During this time, amongst much political upheaval within Scotland, Mary was occupied also with finding a suitable candidate for marriage. Following the death of her first husband Mary determined that her honour would be best served by marrying another prince, with one early candidate being Don Carlos, the Spanish heir. This potential match, along with several others, did not eventuate and no husband was secured. Her cousin Elizabeth intervened, determining that whoever Mary married should not be an enemy to England, and therefore, offered a series of alternative matches, one of which was Robert Dudley, Earl of Leicester, who was widely rumoured to be Elizabeth’s lover. Mary may have been prepared to marry Leicester, but only on the condition that Elizabeth promised legislation naming her the heir apparent of England, a condition Elizabeth refused to meet.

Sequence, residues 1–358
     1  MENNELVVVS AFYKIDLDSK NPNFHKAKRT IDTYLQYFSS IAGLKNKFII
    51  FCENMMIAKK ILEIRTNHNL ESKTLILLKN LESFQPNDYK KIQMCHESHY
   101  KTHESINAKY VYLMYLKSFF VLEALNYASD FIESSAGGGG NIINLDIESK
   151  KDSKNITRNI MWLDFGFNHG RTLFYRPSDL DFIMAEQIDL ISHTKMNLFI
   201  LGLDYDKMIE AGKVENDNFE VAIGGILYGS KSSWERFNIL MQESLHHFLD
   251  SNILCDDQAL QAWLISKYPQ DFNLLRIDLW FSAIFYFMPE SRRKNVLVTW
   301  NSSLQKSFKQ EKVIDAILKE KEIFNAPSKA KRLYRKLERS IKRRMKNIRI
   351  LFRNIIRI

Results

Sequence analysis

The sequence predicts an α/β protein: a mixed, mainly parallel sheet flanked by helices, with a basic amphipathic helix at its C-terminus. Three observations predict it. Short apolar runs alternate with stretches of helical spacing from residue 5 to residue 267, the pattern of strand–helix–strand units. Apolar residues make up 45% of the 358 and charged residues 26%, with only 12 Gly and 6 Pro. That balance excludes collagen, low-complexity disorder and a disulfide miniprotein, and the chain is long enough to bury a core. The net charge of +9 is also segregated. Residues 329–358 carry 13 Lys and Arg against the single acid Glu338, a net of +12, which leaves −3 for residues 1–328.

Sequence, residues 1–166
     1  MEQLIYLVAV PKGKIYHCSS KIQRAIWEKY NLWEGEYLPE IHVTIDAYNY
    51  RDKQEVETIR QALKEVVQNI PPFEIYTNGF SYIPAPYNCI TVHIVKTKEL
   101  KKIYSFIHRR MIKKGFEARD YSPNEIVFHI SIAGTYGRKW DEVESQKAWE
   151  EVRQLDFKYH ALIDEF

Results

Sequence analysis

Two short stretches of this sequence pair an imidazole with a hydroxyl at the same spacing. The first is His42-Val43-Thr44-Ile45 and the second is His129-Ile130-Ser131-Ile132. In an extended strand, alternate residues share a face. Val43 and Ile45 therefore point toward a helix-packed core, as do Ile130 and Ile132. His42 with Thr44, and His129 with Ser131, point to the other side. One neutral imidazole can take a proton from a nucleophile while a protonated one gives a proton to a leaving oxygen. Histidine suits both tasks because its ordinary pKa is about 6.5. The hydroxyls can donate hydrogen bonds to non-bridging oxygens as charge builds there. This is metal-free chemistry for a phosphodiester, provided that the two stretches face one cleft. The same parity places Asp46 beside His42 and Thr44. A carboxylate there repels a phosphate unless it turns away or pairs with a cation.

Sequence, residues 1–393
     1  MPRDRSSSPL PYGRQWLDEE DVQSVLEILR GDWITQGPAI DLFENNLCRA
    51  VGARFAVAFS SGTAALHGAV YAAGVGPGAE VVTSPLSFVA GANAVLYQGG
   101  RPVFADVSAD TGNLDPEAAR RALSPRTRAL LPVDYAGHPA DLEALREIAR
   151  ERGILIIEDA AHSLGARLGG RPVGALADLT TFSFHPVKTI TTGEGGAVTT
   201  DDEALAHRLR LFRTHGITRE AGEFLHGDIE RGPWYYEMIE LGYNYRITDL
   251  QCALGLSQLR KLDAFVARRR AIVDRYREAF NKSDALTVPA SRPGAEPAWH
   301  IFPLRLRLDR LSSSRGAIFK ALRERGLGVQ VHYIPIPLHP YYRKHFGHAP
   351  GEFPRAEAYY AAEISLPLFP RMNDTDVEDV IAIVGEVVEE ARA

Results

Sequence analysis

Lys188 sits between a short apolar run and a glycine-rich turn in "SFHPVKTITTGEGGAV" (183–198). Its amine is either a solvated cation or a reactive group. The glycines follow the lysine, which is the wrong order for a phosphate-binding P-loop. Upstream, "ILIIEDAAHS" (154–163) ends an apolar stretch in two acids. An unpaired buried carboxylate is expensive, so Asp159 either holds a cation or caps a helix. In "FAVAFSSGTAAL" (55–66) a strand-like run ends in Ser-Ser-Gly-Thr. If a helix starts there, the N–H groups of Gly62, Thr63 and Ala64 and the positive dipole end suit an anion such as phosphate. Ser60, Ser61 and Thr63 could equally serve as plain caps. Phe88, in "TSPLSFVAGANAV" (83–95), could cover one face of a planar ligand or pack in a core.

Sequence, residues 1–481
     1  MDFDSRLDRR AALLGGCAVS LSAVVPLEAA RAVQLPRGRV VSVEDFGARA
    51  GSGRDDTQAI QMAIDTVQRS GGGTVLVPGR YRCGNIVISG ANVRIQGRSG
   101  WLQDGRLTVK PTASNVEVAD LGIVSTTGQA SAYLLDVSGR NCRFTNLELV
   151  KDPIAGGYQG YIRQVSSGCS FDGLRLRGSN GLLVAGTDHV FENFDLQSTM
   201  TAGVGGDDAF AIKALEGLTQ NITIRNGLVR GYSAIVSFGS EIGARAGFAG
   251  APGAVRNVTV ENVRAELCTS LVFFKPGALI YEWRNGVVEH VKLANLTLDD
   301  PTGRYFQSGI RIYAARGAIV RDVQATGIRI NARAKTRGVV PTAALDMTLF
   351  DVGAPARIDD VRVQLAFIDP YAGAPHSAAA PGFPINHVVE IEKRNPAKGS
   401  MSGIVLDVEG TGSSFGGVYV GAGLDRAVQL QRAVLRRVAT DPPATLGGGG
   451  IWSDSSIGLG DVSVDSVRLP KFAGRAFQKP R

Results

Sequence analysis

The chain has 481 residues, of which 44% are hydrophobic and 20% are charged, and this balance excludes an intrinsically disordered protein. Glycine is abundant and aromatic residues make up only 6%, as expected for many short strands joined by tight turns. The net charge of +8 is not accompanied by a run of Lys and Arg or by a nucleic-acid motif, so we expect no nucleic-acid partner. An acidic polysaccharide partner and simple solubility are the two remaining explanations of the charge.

On 29 July 1565 the question of Mary’s marriage was settled when she married her cousin Henry Stuart, Lord Darnley. Although not a prince, Darnley’s father was descended from a daughter of James II, King of Scots, and his mother was a granddaughter of Henry VII of England. The bloodline of both Darnley and Mary could produce an heir that would strengthen the Stuart’s claim to the English throne. The marriage seems to have been happy at first, but Darnley was widely reputed as being vain, arrogant, ambitious, foolish, jealous, and dissatisfied with his position as king consort. This resulted in Mary refusing to petition parliament to bestow on him the crown matrimonial, as she had previously promised. Aggrieved at not being a king in his own right and not sharing power equally with Mary, he viewed this refusal as a deprivation of his position as the head of his household. Mary’s many enemies took advantage of the discord between husband and wife and launched a plot which would serve their own ends, striving to convince Darnley that Mary was having an affair with her Italian secretary David Rizzio, who they accused of fathering Mary’s unborn child.